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Snowpack, Ice Cover Shrinking on Rocky Mountains

North America's largest mountain range has lost significant amounts of snow cover since 1980 thanks in part to climate change



Agricultural Research Service/Scott Bauer

LONDON – Around 20 percent of the snow cover in North America's greatest mountain range has been lost because of warmer springs in the last three decades.

Scientists from the American Geophysical Union and the U.S. Geological Survey report that they had established a pattern of snowfall in the northern and southern Rockies: when the snowpack was large in the northern Rockies, it might be correspondingly meager in the southern mountains and vice versa.

But since the 1980s, snowpack declines have occurred simultaneously along the entire length of the Rocky Mountains, with unusually severe declines in the north.

Now research has begun to establish the cause. Researchers write in Geophysical Research Letters that, using monthly data collected from 1895 to 2011, they have teased apart different influences on the crucial April snowpack volume of winter temperatures, spring warming and overall precipitation.

The April snowpack is used by water agencies across the West allocate water to farmers, utilities and other irrigators.

Snow deficits were consistent throughout the Rockies due to lack of precipitation during the cool seasons during the 1930s – coinciding with the Dust Bowl era, said Greg Pederson of the Northern Rocky Mountain Science Center in Bozeman, Mont.

"From 1980 on, warmer spring temperatures melted snowpack throughout the Rockies early, regardless of winter precipitation," he said. "The model in turn shows temperature as the major driving factor in snowpack declines over the past 30 years."

Runoff from the Rocky Mountain snows accounts for 60 to 80 percent of the annual water supply for more than 70 million people in the Western United States. The timing of snowmelt affects the levels of water available for crop irrigation and hydro-electric power. It can also influence the risk of regional floods and bush fires.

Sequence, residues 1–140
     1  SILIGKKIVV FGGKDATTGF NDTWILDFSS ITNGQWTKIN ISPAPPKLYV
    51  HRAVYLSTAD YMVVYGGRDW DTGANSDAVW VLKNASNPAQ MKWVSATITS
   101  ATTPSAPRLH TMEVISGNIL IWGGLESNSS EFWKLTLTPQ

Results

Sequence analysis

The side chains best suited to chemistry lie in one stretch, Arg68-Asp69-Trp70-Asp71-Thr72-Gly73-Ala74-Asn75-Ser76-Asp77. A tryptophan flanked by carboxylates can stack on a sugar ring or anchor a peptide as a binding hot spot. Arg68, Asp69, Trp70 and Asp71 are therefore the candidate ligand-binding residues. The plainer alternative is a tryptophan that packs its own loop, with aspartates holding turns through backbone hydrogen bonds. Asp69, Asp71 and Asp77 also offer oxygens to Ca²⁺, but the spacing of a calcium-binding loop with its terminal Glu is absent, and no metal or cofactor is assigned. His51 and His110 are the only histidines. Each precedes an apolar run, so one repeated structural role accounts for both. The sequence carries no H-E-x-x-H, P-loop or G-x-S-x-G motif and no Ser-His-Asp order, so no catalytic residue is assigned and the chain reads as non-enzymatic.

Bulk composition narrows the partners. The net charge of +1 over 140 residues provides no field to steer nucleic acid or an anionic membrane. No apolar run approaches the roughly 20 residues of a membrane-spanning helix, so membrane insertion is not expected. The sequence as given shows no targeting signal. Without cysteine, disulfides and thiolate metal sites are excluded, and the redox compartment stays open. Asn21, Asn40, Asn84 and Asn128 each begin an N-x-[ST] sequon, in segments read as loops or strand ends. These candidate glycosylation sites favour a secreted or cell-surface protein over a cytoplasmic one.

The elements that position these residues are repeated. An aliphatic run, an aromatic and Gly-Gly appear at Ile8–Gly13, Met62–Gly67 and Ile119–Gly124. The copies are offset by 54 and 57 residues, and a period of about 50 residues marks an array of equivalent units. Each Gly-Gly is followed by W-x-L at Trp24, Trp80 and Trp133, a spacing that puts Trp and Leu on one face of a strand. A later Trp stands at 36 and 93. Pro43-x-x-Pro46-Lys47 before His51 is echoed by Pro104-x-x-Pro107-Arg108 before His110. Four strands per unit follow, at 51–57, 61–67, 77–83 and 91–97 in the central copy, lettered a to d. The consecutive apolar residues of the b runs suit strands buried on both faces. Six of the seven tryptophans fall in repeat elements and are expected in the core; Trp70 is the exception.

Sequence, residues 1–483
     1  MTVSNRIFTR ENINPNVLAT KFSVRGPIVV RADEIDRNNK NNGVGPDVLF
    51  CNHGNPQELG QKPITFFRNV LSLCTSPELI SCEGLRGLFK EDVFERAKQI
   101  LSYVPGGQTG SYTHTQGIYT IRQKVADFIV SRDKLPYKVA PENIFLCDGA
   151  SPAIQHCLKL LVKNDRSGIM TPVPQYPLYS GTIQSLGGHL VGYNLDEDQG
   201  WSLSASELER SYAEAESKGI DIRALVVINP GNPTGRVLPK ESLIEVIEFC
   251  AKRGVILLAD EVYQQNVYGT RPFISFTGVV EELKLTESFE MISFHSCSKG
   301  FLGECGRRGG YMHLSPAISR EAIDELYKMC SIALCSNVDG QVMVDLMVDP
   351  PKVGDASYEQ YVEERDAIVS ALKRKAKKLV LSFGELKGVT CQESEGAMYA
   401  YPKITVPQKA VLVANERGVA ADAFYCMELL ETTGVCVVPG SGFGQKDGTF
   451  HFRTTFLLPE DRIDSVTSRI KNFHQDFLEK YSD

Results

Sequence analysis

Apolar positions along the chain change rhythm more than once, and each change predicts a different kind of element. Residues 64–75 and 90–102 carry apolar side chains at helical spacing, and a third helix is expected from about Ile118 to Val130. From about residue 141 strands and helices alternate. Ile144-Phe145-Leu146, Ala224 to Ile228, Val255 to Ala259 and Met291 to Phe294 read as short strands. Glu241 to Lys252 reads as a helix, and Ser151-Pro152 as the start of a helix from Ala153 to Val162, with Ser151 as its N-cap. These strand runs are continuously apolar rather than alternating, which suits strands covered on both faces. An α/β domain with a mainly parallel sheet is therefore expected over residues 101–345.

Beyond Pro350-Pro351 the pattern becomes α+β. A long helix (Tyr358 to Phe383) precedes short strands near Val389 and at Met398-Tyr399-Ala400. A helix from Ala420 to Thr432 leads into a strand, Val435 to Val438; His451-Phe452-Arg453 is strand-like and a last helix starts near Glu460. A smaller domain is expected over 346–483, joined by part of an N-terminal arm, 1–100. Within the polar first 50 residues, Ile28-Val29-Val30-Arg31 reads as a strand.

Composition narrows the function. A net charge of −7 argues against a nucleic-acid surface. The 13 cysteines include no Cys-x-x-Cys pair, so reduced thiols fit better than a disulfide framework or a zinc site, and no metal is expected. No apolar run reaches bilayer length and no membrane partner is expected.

The researchers blame both natural variation – the influence of cyclic Pacific Ocean phenomena such as El Niño and La Niña, for example – and global warming from human activity for the change.

"Regardless of the ultimate causes, continuation of present snowpack trends in the Rocky Mountains will pose difficult challenges for watershed management and conventional water planning in the American West," said study co-author Julio Betancourt.

Meanwhile, at the American Geophysical Union's meeting in Cancun, Mexico, researchers report that the world's highest peak, Mount Everest, is beginning to lose its snow and ice.

They report, after studies of satellite imagery of the mountain and the Sagarmatha National Park, that the Everest region in the Himalayas has been warming, and snow precipitation declining, for the last 20 years.

Everest glaciers have shrunk by 13 percent in the last 50 years and the snowline has moved 180 meters uphill. As the glaciers dwindle, the rocks and debris they carry are being exposed: The debris-covered sections of the glaciers have increased by 17 percent since the 1960s.

Once again, the researchers suspect that human-induced climate change may be responsible: This connection however is much harder to establish. But the majority of glaciers in the region are retreating at an ever-faster rate.

"The Himalayan glaciers and ice caps are considered a water tower for Asia, since they store and supply water downstream during the dry season," said the scientist Sudeep Thakuri. "Downstream populations are dependent on melt water for agriculture, drinking and power production."

This article originally appeared at The Daily Climate, the climate change news source published by Environmental Health Sciences, a nonprofit media company.

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